Thursday, September 12, 2019
Adding my thinking to the growing pile of editorial output surrounding the Brexit impasse we now find ourselves so joyfully in; there seem to be five creeks this knackered old canoe can go up – all of them generally without a paddle…
- Prime Minister Boris Johnson and his contentious strategist, Dominic Cummings, have realised that with no other cards left to play they have to get something agreed with the EU before the end of October. This will likely hinge on amending the detested (by Brexiteers at least) Irish backstop and its implementation. He may agree a border across the Irish Sea which sees Northern Ireland shackled to EU rules and regulations but allows the rest of the UK to float off into regulatory non-alignment, but this is unlikely to go down well with his unionist allies (DUP). Does Johnson care? Probably not now that he lacks an overall majority – why should he not abandon the DUP members that had previously propped up the government and especially after his Kristallnacht moment of expelling the rebel alliance Tory members, which led to him self-immolating his previous majority – does another 10 vote minority slip really matter? Are we to believe that talks are ongoing and constructive given the backdoor leaks suggesting talks are going absolutely nowhere? Even if they are, he still needs to get the Northern Irish sacrificial lamb deal through a parliamentary vote, which has little chance in my view.
- Given the Scottish courts have declared his proroguing of Parliament to be unlawful, the battle of Brexit enters its final frenzied dance. Johnson is expected to appeal to the Supreme Court next week so Parliament will remain closed for now. Rebel alliance leader Dominic Grieve won a vote late on Monday night to force the government to release all private messages on the proroguing of Parliament. It is unclear what Cummings’ reaction will be when Parliament reconvenes. The mind boggles. If Johnson’s suspected reason for suspending Parliament is exposed, then he must surely have to fall on his sword for misleading the Queen. His well documented history of lying and getting away with it is not perhaps in President Trump’s league, and it certainly does not seem to affect his (im)moral fibre, so I see little chance of him falling on his sword for this one.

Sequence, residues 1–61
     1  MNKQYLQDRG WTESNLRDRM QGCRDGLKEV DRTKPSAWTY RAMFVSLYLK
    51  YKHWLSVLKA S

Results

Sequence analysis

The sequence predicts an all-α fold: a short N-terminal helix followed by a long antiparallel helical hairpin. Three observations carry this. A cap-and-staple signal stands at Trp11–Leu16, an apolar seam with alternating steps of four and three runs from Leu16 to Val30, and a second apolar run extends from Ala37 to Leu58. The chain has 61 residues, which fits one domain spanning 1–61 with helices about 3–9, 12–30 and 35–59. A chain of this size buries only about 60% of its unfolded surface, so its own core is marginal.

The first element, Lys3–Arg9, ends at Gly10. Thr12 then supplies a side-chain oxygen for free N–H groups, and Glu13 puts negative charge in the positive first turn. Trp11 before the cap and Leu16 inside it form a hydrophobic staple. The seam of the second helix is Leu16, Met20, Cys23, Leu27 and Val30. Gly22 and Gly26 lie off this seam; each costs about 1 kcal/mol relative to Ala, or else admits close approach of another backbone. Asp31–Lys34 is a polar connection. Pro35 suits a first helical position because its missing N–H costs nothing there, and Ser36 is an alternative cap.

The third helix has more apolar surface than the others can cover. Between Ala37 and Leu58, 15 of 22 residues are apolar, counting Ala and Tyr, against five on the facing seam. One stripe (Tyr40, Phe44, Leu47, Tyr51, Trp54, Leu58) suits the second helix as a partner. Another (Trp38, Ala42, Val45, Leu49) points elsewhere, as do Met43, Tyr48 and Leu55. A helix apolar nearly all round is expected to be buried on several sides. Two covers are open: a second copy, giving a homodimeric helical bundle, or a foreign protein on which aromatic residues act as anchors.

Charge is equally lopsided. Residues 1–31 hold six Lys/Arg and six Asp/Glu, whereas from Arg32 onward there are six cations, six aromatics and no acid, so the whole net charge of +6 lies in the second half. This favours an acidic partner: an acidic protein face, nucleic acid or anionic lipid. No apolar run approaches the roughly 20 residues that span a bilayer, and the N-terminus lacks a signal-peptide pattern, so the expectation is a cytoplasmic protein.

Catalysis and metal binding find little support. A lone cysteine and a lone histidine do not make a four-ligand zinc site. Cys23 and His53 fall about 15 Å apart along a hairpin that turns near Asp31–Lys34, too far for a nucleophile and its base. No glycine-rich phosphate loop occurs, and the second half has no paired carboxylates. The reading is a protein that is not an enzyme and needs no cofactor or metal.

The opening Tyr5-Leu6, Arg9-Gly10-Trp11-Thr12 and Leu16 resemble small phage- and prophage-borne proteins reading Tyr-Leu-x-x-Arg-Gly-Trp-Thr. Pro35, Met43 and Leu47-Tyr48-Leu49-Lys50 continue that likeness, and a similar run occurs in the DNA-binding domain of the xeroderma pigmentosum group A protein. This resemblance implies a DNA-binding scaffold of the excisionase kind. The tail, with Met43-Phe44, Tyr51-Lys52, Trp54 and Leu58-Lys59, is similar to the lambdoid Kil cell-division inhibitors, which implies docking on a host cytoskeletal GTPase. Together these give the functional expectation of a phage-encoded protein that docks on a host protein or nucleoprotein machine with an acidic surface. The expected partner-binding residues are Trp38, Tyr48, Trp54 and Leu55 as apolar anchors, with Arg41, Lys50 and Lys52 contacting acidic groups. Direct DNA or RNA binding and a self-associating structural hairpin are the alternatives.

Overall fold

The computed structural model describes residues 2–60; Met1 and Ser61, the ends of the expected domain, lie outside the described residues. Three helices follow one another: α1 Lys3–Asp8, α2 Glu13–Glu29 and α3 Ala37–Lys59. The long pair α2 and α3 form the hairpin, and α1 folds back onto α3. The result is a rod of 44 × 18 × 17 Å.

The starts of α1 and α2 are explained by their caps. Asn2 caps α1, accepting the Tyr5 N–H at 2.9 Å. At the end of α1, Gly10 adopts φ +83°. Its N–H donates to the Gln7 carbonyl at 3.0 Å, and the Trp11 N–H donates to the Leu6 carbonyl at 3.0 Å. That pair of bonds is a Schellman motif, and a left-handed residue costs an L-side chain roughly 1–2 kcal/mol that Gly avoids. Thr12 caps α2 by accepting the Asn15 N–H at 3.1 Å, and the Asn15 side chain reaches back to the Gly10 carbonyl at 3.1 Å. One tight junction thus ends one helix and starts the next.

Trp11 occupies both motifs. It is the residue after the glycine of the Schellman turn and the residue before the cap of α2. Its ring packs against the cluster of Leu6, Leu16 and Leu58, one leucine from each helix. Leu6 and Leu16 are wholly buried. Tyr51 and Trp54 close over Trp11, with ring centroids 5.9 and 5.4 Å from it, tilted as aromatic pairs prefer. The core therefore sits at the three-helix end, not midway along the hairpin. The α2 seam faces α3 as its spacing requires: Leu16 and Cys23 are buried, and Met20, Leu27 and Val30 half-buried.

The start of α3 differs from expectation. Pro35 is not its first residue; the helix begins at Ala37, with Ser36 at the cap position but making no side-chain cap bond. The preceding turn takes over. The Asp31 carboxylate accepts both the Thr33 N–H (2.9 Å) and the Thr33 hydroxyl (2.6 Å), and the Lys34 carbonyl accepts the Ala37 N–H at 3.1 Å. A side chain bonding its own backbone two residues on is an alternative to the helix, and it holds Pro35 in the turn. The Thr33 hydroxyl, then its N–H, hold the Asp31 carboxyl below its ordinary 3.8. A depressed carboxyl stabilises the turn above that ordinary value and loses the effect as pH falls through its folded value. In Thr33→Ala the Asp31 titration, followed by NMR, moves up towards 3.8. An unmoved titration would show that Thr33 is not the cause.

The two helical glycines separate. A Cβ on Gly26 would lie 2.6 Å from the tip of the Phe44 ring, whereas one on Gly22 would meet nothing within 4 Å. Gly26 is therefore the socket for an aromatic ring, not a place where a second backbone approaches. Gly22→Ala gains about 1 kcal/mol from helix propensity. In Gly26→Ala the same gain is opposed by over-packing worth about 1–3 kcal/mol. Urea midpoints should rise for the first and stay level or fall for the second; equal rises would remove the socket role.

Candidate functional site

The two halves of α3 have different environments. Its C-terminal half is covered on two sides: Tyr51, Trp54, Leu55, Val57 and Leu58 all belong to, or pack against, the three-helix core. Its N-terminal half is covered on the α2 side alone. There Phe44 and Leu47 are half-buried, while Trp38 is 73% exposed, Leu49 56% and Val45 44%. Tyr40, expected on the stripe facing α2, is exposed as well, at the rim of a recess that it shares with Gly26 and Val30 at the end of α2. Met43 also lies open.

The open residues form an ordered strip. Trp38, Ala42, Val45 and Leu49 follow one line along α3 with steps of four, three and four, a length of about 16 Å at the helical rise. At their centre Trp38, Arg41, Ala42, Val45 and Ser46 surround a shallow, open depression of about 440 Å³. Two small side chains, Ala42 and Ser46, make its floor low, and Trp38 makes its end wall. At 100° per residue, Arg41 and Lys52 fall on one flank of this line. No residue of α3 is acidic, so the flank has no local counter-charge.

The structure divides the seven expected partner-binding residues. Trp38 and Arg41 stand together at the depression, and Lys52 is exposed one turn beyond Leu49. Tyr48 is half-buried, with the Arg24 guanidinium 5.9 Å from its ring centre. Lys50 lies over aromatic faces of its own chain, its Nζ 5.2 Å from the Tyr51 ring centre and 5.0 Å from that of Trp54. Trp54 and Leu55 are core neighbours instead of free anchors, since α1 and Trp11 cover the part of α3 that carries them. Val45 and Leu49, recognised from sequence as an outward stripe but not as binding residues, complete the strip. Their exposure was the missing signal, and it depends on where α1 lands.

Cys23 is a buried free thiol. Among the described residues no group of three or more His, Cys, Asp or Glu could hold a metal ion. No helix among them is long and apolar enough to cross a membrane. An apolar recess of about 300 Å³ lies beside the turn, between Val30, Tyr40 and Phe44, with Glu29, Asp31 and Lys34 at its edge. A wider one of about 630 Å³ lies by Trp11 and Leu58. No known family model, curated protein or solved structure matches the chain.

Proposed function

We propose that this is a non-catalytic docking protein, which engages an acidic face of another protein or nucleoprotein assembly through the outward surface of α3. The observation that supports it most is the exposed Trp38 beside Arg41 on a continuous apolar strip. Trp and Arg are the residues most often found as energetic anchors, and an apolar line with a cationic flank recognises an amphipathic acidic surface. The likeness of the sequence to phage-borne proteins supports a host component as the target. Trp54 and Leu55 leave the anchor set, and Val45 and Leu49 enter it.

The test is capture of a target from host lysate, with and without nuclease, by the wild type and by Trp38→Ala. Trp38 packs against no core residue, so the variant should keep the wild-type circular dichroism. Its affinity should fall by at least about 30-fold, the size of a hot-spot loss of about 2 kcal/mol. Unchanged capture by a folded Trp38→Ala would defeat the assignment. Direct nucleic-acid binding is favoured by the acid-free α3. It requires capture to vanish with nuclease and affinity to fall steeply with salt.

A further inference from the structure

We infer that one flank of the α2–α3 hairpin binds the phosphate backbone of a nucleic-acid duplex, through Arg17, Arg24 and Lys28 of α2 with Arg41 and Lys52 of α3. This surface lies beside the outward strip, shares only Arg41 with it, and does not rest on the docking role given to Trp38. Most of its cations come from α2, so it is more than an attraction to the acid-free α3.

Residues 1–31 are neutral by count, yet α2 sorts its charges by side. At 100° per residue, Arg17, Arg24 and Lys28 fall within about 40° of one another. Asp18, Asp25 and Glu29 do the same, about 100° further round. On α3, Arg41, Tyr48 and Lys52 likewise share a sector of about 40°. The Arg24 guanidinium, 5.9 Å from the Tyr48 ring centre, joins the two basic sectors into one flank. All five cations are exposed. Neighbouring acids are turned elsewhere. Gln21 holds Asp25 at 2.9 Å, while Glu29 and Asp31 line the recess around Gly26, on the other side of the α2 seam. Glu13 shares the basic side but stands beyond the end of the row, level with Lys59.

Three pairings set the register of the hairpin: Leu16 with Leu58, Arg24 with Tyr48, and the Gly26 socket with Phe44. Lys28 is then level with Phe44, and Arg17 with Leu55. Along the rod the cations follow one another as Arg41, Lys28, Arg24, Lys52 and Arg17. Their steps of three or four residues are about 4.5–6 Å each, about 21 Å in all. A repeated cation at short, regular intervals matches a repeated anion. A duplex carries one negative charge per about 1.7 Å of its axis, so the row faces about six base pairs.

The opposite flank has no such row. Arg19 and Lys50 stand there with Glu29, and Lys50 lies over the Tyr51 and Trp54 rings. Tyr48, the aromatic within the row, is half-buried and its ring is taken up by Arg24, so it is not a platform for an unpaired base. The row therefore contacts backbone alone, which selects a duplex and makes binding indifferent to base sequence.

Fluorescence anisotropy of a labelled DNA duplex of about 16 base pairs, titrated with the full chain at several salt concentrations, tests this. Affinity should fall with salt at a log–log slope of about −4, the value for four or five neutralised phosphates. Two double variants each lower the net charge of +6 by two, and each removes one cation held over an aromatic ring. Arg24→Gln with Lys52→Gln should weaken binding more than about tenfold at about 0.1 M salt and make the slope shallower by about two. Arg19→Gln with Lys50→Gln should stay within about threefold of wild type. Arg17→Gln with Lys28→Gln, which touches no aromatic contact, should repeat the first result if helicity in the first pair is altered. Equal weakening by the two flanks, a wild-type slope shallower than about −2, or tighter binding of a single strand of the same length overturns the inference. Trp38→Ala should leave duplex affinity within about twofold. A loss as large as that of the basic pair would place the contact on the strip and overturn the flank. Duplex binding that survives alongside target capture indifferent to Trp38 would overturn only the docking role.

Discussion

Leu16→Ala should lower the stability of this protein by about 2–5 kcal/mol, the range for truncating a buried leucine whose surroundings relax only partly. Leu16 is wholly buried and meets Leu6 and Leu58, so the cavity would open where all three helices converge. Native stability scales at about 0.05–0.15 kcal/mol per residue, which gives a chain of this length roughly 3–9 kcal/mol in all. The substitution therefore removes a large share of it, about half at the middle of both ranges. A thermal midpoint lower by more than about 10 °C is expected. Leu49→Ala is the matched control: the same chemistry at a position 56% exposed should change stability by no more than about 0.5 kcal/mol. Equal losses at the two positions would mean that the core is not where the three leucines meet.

- Johnson fails to make any progress in talks with the EU and, despite his insistence of “rather dying in a ditch” if the UK does not exit on Halloween, he pushes through a last minute extension on Article 50. This volte-face on the “do-or-die” bravado he enthusiastically spouted when entering No 10 perhaps can be justified, in his mind at least, by the pesky opposition who have forced him into this position. Quickly following this, a likely General Election will see a re-enactment of the 52% - 48% split all over again.
- Boris may just hunker down in his bunker alongside Cummings and allow the UK to tiptoe into a no-deal exit on 31 October through some dark arts tactics – ignoring the requirement to get an extension and battling through the courts or asking just one EU ally (sympathetic to Brexit), such as Victor Orban of Hungary, to block any extension agreement, etc. Ignoring an ineffective opposition seemed to be a genuine policy for team Johnson but the voting results of the last two weeks do seem to suggest he is now effectively hobbled by an increasingly more effective opposition – the irony. Faced with the stark reality of crashing into the abyss, it never ceases to amaze me what politicians can agree on for the common good at the last minute.
- Labour’s policy of re-negotiating the exit deal and then offering the electorate a referendum on it, while campaigning to remain, seems abstract even by their standards. Labour’s deputy leader, Tom Watson, has created another gordian knot by demanding a second referendum before any General Election is called. I take back the previous comment on an effective opposition, as yet again we find ourselves with self-interested parties all fighting in a paper bag of which they cannot get out.
How this plays out is really anyone’s guess, but we may need a bigger boat.
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